Tai Chi is suggested to have beneficial effects on the musculoskeletal system. The Chinese University of Hong Kong performed a systematic review is to evaluate the evidence of the effect of TCC on bone mineral density (BMD) and its potential for prevention of osteoporosis.
A literature search was conducted using PubMed, Embase, and Cochrane databases from inception to January 2017. Randomized controlled studies, case-control trials, prospective cohort studies, and cross-sectional studies which evaluated the effect of Tai Chi on BMD were selected without any subject or language restriction.
Nine articles met the inclusion criteria, including seven randomized controlled trials (RCTs), one case-control trial (CCT), and one cross-sectional study, encompassing a total of 1222 participants. Five studies showed statistically significant improvements in BMD after Tai Chi exercise, three studies showed nonsignificant intergroup differences, and one study provided no statistical evaluation of results. The studies with nonsignificant results tended to have a shorter total duration of Tai Chi practice. Apart from dual-energy X-ray absorptiometry (DXA), two studies additionally used peripheral quantitative computed tomography (which showed statistically significant positive effects of Tai Chi on preventing osteoporosis.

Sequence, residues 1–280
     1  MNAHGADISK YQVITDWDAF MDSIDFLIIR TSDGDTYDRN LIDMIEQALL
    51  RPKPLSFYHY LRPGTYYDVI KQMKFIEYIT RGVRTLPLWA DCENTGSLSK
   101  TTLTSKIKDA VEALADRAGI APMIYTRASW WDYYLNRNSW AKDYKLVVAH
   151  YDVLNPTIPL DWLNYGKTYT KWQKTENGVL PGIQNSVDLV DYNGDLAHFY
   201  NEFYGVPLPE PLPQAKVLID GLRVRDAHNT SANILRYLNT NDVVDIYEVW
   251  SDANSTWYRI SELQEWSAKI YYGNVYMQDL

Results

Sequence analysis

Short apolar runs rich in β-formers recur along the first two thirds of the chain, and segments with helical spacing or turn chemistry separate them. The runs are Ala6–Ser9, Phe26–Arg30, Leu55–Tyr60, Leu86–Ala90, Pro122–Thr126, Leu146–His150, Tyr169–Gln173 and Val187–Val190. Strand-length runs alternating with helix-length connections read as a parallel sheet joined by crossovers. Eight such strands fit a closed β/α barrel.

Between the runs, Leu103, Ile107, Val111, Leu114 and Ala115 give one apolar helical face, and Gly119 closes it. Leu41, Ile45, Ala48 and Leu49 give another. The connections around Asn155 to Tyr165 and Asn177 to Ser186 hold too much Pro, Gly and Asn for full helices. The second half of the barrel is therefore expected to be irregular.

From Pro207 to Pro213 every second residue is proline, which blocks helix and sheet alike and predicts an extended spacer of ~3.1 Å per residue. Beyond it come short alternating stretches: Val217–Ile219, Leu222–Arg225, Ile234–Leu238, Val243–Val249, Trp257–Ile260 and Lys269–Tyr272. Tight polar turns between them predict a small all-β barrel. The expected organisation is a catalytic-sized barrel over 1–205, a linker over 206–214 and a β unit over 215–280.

In conclusion, Tai Chi is beneficial to BMD and may be a cost-effective and preventive measure of osteoporosis. This beneficial effect is better observed in long-term Tai Chi practice.
The beneficial effect of Tai Chi on BMD is suggested to be clinically translated to its potential for early rehabilitation and prevention of secondary osteoporosis in patients after surgical treatment of common osteoporotic fractures. The length of practicing Tai Chi, the form and style of Tai Chi, and the types of patient suitable for Tai Chi are to be investigated in future studies.